The River's Song Project Sat., May 16, 11am - 8pm Great Falls Discovery Center Turners Falls
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The River’s Song Celebrations:
Juried Art show, Music, Dances, Parade and more

Saturday, May 16, 2015, 11AM-9PM Great Falls Discovery Center and other locations in Turners Falls 

A unique showcase of FREE art events! 

Schedule of Events


 ALL DAY Storefront Video Installations along Avenue A, Turners Falls by the Millers Falls Arts Bridge Artists
 
9 a.m.- 5 p.m.    Turners Falls Fish Ladder, First St and Unity Park

10 a.m.- 4 p.m.  Great Falls Discovery Center Environmental Exhibits, 2 Avenue A,Turners     Falls MA

11 a.m.- 3 p.m.   Kid's Art Activities: The Art Garden under the tent at Great Falls Discovery Center, 2 Avenue A

11a.m.- 3 p.m.    Connecticut River Watershed Council presents children’s story time of The Fish in the Polka Dot Dress (every hour on the hour) and learn about rivers with a hands-on water table, Great Falls Discovery Center, 2 Avenue A

11a.m.- 3 p.m.    RiverSmart Communities presents BUGQUARIUM  live aquatic insects, Great Falls Discovery Center, 2 Avenue A

1- 1:30 p.m.        Reconciliation Commemoration Ceremony: The Nolumbeka Project, River Tent, Unity Park

1:30-2:30 p.m.    Visioning Bear Drumming, River Tent, Unity Park

2:30-3 p.m.         River Stories in Poetry and Song  with David Brule, The Nolumbeka Project,  The River Tent, Unity Park

3 p.m.                 The River Parade - Gather at the Art Garden Tent at Great Falls Discovery Center, 2 Avenue A

4 p.m.                 The River's Song Soundscape  performance with Tony Vacca, the Shea Theater, 71 Avenue A  
    
5:30-7 p.m.         Historic Native American Sites Walking Tour with David Brule and Joe Graveline, The Nolumbeka Project, gather at Great Falls Discovery Center, 2 Avenue A

6:30-8 p.m.         Meet the Artist: Trash to Treasure reception, the Great Hall, Great Falls Discovery Center, 2 Avenue A

8:30 p.m.            Gathering begins for Water Dance:  Sound and Light Performance at the Iron Bridge behind Great Falls Discovery Center, 2 Avenue A

8:45 p.m.            Water Dance with Phyllis Labanowski, Ricardo Frota and volunteers, the Iron Bridge

 
The excitement is building as we plan to celebrate the vital waters of the Connecticut River flowing through Massachusetts and other New England States.  The River’s Song project is conceived as an innovative year-long study combining the arts and the environment to give voice to a diverse constituency along the Connecticut River basin and highlighting its ecology.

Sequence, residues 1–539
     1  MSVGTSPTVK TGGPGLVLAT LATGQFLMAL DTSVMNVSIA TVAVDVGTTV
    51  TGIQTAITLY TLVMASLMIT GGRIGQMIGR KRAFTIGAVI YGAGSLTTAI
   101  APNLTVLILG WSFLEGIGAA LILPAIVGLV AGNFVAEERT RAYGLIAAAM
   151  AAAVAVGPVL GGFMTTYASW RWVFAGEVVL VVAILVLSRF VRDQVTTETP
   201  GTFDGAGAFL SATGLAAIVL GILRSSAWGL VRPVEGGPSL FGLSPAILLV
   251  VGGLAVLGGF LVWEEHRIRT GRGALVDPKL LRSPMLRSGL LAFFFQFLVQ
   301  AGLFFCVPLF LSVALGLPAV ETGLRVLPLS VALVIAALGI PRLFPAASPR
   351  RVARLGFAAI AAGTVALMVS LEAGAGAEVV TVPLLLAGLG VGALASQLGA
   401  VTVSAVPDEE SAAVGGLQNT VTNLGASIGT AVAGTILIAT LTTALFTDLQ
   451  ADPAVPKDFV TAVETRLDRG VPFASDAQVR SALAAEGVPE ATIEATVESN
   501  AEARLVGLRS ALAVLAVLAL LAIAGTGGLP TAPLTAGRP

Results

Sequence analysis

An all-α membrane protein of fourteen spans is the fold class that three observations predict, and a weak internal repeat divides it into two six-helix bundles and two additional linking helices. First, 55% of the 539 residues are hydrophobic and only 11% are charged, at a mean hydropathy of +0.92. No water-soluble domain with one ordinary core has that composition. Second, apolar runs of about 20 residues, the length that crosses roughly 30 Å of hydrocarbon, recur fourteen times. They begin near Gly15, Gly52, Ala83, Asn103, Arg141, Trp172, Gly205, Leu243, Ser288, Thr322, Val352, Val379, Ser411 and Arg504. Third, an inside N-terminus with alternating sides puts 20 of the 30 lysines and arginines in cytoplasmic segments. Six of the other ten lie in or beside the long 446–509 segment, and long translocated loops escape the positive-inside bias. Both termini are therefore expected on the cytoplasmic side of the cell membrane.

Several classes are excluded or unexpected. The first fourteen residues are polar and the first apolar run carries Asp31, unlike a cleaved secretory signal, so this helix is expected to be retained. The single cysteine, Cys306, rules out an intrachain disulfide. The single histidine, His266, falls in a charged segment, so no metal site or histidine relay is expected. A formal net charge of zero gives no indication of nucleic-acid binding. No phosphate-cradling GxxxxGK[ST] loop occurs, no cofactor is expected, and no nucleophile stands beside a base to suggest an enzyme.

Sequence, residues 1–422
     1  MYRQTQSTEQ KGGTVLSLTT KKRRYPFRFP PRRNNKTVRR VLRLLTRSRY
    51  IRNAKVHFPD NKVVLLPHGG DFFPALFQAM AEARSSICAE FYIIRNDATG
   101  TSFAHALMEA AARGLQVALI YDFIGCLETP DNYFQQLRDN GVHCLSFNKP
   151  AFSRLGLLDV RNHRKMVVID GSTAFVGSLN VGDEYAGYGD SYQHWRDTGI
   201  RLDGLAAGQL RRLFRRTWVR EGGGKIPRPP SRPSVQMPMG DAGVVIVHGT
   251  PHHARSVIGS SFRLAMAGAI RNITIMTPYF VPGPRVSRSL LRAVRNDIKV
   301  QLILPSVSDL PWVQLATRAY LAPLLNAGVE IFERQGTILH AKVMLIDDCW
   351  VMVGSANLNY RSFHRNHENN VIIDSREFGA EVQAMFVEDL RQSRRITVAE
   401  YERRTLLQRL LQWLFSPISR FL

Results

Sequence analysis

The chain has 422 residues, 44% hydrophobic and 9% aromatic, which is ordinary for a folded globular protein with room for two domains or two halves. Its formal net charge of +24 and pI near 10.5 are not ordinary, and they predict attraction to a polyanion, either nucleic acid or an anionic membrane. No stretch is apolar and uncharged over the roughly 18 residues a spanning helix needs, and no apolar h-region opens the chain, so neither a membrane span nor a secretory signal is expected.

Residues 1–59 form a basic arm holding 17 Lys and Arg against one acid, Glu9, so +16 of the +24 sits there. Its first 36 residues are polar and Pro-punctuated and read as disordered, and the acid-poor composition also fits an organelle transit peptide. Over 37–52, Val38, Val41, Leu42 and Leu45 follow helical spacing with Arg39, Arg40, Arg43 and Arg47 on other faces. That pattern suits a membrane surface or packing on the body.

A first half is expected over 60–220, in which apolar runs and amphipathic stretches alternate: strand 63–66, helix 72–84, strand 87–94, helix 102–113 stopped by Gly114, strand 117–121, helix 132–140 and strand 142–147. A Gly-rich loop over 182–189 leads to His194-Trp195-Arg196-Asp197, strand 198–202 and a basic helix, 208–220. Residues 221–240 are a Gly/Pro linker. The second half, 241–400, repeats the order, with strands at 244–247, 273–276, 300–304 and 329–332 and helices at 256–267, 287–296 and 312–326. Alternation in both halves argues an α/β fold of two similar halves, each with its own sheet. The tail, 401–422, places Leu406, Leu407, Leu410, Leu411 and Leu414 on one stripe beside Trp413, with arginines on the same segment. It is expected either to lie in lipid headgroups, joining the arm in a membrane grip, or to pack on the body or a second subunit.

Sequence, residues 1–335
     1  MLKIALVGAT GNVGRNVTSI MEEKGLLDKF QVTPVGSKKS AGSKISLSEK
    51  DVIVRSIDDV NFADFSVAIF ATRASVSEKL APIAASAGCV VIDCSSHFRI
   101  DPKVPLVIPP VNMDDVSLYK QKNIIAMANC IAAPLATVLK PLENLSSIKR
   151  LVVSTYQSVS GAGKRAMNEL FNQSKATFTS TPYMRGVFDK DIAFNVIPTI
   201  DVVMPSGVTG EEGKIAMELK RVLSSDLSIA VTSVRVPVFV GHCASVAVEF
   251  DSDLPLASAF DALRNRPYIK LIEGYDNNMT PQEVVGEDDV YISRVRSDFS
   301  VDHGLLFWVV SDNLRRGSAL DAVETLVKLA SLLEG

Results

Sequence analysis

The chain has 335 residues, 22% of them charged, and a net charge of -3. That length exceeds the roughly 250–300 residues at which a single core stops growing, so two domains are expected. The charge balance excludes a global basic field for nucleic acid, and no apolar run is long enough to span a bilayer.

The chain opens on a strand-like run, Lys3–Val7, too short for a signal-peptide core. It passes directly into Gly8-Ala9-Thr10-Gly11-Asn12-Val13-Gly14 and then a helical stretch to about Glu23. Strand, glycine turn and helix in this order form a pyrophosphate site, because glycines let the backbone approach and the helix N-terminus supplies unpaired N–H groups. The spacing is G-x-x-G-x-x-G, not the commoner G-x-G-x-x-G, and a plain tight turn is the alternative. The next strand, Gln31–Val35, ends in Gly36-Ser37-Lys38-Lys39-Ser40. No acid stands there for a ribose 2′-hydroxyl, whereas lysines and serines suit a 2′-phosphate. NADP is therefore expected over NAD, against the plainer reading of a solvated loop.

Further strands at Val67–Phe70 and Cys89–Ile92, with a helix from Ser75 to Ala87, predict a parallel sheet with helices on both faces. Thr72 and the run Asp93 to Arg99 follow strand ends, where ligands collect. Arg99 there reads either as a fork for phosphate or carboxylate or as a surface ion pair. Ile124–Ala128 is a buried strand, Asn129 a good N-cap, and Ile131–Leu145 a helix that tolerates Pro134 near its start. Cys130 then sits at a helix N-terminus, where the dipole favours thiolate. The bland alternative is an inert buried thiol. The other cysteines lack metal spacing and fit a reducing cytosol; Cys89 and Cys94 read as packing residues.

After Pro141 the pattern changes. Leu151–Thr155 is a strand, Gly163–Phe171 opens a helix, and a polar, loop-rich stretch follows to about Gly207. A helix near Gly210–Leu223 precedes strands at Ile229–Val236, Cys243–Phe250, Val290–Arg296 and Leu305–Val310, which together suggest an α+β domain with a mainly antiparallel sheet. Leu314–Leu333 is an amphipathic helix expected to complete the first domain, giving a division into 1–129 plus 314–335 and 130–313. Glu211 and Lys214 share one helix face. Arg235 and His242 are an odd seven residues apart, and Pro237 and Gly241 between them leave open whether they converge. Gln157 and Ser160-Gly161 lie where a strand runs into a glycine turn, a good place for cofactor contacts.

THE PARTNERS

The Asian Arts and Culture Program at the UMass Fine Arts Center is working with the following partners for The River’s Song Project:
The Connecticut River Watershed Council
The Great Falls Discovery Center (run jointly by the US Fish and Wildlife Service  and National Wildlife Refuge Center 
UMass Amherst Department of Landscape Architecture and Regional Planning
Turners Falls RiverCulture
The Nolumbeka Project
The Art Garden
Millers Falls Arts Bridge
Arts Are Essential  
RiverSmart Communities
The Massachusetts Cultural Council
Department of Conservation and Recreation
Friends of the Great Falls Discovery Center

With our partners, we worked with local artists, businesses and scientific communities to raise awareness about key issues of the Connecticut River watershed. Participation across diverse communities was encouraged by holding workshops on water related issues, creating new forms of sustainable art, and underwriting new music and dances by local composers and choreographers to be performed by both children and adults. 
 

Inspiration for the project

The Rivers’s Song project was inspired by The Nile Project (TNP), an international touring project featuring a highly creative model of musical collaborations and a residency model format to study and understand the key issues concerning and affecting the Nile River.  Well before their visit to Amherst on April 7, 2015, The Nile Project artists and directors helped us think differently about our own Connecticut River basin and its key issues. Using the Nile model as an inspiration for our own study, we focused on the importance of the waters of the Connecticut River as it affects our lives, our cultural landscape and our environment. At the same time we examined common analogs and dilemmas as a basis of how to create institutions, policies and legal frameworks for economic, ethical and responsible uses of water between these two distinct river basins. We explored how these concerns can be expressed through innovative arts projects created by the local artists and the community.
 
The River Song project is presented in collaboration with the UMASS Department of Landscape Architecture and Regional Planning, the Connecticut River Watershed Council, Dean’s Beans, the Great Falls Discovery Center, US Fish and Wildlife Service, the National Wildlife Refuge System and Turners Fall Riverculture and funded through various local sources and the Massachusetts Cultural Council.